Post-Mohawk, Mandamus Available for Interlocutory Review of Denial of Privilege Assertion (Here, First Amendment Defense to Production of Internal Campaign Deliberations)

From Perry v. Schwarzenegger, 2009 U.S. App. LEXIS 27064 (9th Cir. Dec. 11, 2009):

In the event that we do not have jurisdiction under the collateral order doctrine [in light of the Supreme Court’s decision in Mohawk Indus. v. Carpenter, 558 U.S. ___ (Dec. 8, 2009)], we would have authority to grant the remedy of mandamus. See 28 U.S.C. § 1651(a); Cheney v. U.S. Dist. Court, 542 U.S. 367, 380 (2004); City of Las Vegas v. Foley, 747 F.2d 1294, 1296-97 (9th Cir. 1984).

"The writ of mandamus is an 'extraordinary' remedy limited to 'extraordinary' causes." Burlington Northern & Santa Fe Ry. Co. v. U.S. Dist. Court, 408 F.3d 1142, 1146 (9th Cir. 2005). . . . In Bauman v. United States District Court, 557 F.2d 650 (9th Cir. 1977), we established five guidelines to determine whether mandamus is appropriate in a given case: (1) whether the petitioner has no other means, such as a direct appeal, to obtain the desired relief; (2) whether the petitioner will be damaged or prejudiced in any way not correctable on appeal; (3) whether the district court's order is clearly erroneous as a matter of law; (4) whether the district court's order is an oft repeated error or manifests a persistent disregard of the federal rules; and (5) whether the district court's order raises new and important problems or issues of first impression. . . . "The factors serve as guidelines, a point of departure for our analysis of the propriety of mandamus relief." . . . . "Not every factor need be present at once." Burlington, 408 F.3d at 1146. "However, the absence of the third factor, clear error, is dispositive." . . .

Mandamus is appropriate to review discovery orders "when particularly important interests are at stake." 16 C. Wright, A. Miller, & E. Cooper, Federal Practice and Procedure § 3935.3 (2d ed. 2009). . . . Although "the courts of appeals cannot afford to become involved with the daily details of discovery," we may rely on mandamus to resolve "new questions that otherwise might elude appellate review" or "to protect important or clear claims of privilege." Id.; see Mohawk, 558 U.S. ___, slip op. 9 ("[L]itigants confronted with a particularly injurious or novel privilege ruling have several potential avenues of review apart from collateral order appeal. . . . [A] party may petition the court of appeals for a writ of mandamus."). In Schlagenhauf v. Holder, 379 U.S. 104 (1964), for example, the Supreme Court relied on mandamus to answer the novel question whether Federal Rule of Civil Procedure 35 authorized the physical and mental examination of a defendant. "The opinion affords strong support for the use of supervisory or advisory mandamus to review a discovery question that raises a novel and important question of power to compel discovery, or that reflects substantial uncertainty and confusion in the district courts." Wright & Miller § 3935.3.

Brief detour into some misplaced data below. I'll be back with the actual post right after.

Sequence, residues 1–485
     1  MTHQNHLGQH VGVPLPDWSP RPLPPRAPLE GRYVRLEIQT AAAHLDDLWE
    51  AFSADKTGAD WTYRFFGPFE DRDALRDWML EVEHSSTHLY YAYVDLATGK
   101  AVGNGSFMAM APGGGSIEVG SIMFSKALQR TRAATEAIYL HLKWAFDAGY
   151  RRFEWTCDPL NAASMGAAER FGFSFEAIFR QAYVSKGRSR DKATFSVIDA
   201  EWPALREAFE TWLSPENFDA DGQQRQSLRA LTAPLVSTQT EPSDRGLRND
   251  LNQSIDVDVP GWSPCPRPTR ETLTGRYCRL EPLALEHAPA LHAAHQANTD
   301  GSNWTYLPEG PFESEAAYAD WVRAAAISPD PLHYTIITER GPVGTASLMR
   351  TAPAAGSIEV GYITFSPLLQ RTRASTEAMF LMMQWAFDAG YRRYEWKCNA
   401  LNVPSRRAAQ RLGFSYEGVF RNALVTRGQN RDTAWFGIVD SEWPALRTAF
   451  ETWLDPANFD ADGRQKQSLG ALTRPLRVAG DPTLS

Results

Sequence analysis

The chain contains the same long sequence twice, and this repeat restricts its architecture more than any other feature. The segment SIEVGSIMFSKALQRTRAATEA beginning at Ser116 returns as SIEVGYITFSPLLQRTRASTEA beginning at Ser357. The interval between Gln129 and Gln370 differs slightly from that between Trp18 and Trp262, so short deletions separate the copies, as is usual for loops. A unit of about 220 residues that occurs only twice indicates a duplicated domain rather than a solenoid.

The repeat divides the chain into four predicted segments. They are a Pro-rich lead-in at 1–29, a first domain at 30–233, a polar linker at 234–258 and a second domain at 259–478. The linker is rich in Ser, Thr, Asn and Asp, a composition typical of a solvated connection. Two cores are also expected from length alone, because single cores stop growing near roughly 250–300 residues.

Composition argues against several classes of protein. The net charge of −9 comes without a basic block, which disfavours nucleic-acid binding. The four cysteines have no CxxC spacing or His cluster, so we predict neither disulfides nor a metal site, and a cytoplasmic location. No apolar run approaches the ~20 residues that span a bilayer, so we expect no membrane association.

Consistent with Schlagenhauf, we have exercised mandamus jurisdiction to review discovery orders raising particularly important questions of first impression, especially when called upon to define the scope of an important privilege. In Admiral Insurance, for example, we granted the mandamus petition to resolve "a significant issue of first impression concerning the proper scope of the attorney-client privilege." 881 F.2d at 1488. Taiwan v. United States District Court, 128 F.3d 712 (9th Cir. 1997), likewise involved review of another issue of first impression — the scope of testimonial immunity under the Taiwan Relations Act. . . . Finally, in Foley, we exercised our mandamus authority to address an "important issue of first impression" in a context similar to that here — whether legislators can be deposed to determine their subjective motives for enacting a law challenged as violative of the First Amendment. 747 F.2d at 1296.

Here, too, we are asked to address an important issue of first impression — the scope of the First Amendment privilege against compelled disclosure of internal campaign communications. Considering the Bauman factors, we conclude that this is an extraordinary case in which mandamus review is warranted.

Held, internal campaign communications not properly discoverable.

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